All eyes were on the hills, waiting for them to emerge, eyes darted over the plains and into the deep wood that was partially visible between the rolling mounds of earth. Nothing. There was no movement, no sound, no Monsters. Apprehension gave way to confusion. Why hadn’t the Horn worked? Why weren’t they coming? The crowd began the mutter their questions and look to their mayor for an answer. John Riband turned to face them, the rolling hills behind him, his face was solemn, his power retracting. He dropped his gaze to his feet as his mind raced to find the words that would bring his people back to their reality softly. Back to fear. As he opened his mouth there was a shudder in the earth. He looked spun around. Another shudder and the earth trembled again. His raised his hands at his sides to still the crowd.They are coming. All eyes fixed keenly on the hills; the hills from which the beasts would come.

It happened quickly, faster than expected. They could move at great speeds for Monsters so vast. So Colossal. First one tore through a spattering of woodland at the opening of the Southern Gorge, the trees burst open, torn from the ground by the beast’s power and speed. Mary-Lou knew it as The Climber for it’s love of mountain summits. It stumbled, found its feet, and then began to run. With every immense footfall the ground seemed to swell and groan. It’s mouth was gaping, a fire glowering within. It roared as it ran.

“They are coming!” John Riband screamed as he raised his arms to the sky, palms open. Tears began to course down his cheers. This was exactly what he wanted. His bond with the monsters would be complete. His purpose would be fulfilled. Two more appeared at once from behind a hill further south from where The Climber had emerged, Pyros and Ghekis. Pyros’ skin was a rich yellow and its run was more meandering gallop on all fours limbs. Ghekis struggled to keep up as it ambled behind, spitting and snarling as it went. After only a couple of seconds, Mary-Lou could barely keep count of the number of monsters that entered the plain. They jumped from hill-tops, tore through tree-lines, swung around cliff-faces, all making their way to the village. It was a mass of power and rage. The ground was a constant vibration and the air rang with the calls and screams of the onsetting monsters. Colossals, Colossals, Colossals.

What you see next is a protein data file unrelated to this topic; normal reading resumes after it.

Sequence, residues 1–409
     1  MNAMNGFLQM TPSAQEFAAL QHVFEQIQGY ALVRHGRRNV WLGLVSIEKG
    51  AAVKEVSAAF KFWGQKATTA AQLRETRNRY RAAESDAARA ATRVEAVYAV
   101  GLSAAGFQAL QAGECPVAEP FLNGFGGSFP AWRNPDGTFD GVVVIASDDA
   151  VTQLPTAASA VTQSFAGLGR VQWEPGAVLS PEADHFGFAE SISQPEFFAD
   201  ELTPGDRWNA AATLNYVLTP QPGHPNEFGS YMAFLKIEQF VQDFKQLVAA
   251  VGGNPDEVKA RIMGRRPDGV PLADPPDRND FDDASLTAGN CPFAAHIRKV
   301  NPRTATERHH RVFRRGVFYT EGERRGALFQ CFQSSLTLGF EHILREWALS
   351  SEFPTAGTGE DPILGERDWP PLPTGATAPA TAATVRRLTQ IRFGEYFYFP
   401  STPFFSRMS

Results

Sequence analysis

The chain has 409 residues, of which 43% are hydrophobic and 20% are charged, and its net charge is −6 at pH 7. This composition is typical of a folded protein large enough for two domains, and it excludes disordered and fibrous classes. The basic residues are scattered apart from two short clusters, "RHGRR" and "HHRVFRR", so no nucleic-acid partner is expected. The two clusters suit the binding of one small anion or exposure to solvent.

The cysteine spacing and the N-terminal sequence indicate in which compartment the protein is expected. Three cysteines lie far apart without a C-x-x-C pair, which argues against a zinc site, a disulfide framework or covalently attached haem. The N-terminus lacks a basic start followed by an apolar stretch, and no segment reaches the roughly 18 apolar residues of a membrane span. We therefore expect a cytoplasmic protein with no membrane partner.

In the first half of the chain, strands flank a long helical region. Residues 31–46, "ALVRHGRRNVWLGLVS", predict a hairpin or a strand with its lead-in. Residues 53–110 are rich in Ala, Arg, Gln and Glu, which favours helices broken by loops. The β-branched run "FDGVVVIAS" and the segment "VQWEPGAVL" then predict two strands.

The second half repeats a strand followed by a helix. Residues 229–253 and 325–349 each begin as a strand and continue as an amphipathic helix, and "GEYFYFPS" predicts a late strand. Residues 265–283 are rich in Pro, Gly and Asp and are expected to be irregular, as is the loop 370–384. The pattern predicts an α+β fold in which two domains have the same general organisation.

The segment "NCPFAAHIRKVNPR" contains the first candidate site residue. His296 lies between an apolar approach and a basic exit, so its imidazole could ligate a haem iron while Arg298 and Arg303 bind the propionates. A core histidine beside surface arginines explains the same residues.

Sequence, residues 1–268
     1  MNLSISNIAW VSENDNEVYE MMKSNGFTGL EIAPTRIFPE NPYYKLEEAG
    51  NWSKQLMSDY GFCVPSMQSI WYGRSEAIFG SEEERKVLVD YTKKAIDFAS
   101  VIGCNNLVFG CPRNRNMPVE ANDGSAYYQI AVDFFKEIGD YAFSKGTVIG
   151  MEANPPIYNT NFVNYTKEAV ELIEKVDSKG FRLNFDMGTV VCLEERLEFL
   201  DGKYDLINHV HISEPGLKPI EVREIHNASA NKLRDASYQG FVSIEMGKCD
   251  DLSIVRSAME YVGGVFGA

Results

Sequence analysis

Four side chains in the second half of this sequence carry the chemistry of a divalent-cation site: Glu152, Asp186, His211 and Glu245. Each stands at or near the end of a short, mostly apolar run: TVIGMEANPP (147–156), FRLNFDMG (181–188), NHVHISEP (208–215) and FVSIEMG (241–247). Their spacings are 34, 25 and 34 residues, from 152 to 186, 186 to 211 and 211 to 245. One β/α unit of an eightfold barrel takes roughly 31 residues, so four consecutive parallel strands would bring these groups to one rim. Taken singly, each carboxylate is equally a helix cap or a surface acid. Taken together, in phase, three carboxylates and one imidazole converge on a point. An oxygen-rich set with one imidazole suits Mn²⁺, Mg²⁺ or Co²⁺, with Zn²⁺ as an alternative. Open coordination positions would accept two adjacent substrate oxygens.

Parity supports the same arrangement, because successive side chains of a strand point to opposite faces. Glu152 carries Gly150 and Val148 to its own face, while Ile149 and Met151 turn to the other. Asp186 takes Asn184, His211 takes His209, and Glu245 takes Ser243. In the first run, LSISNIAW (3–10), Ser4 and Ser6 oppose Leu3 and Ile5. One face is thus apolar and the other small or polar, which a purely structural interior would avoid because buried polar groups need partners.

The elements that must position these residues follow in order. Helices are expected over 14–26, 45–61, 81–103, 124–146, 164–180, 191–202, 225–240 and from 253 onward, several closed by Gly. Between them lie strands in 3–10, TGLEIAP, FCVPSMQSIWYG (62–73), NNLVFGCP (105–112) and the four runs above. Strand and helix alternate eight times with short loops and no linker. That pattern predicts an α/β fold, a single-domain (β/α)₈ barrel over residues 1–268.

Mary-Lou covered her ears and clamped shut her eyes as she fell to her knees. This is not right, we have angered them, she thought, we are going to die here. Some of the town dispersed, running for the potential safety of their homes, others huddled in with their families, unable to gather the strength to move. There were screams and people cried with all-consuming fear. The only person in the town without an apparent care was the mayor, John Riband. He grinned maniacally as the monsters grew ever closer. There was barely one hundred feet between him and the leading beast, Tyrewll. The mayor appeared to be muttering under his breath, his eyes flicking from one monster to the next with an animal intensity.

The monsters slowed their pace and sauntered towards the stage with trepidation. They stood high above the squat town, casting deep shadows in spite of the high, midday sun. As Tyrewll approached the stage he began to lean forward. The heat that poured from his mouth, which hung lazily open, was intense. His eyes were black bowling balls that swivelled and shone in the sun. His raw, scaly flesh was scarred all over and his chest pulsed in and out with a rapid, deep breathing, a crunching sound with every breath. Both jaws were lined with several rows of charred, razor-like teeth. John Riband stood his ground, his hair billowing in the hot, smoky breath of the monster, a smile still printed onto his face. Tyrewll raised a hand the size of a car and brought it forward. He curled it into a fist, releasing a curled index finger with a claw like a sword at its tip. The claw passed perilously close to John Riband’s face and the mayor watched it’s path with the beginnings of concern on his face. With a precise tap, Tyrewll’s claw found the Horn at the mayor’s feet. It rang like glass as their eyes remained locked with one another. We are all going to die here.

There were no words spoken for five minutes. The monster and the mayor’s eyes were fixed and so, it seemed, were their minds. The other monsters had formed a ring around the stage and they also seemed transfixed, as though they could hear what was being thought. Only a light breeze and some sporadic sobs from the crowd could be heard.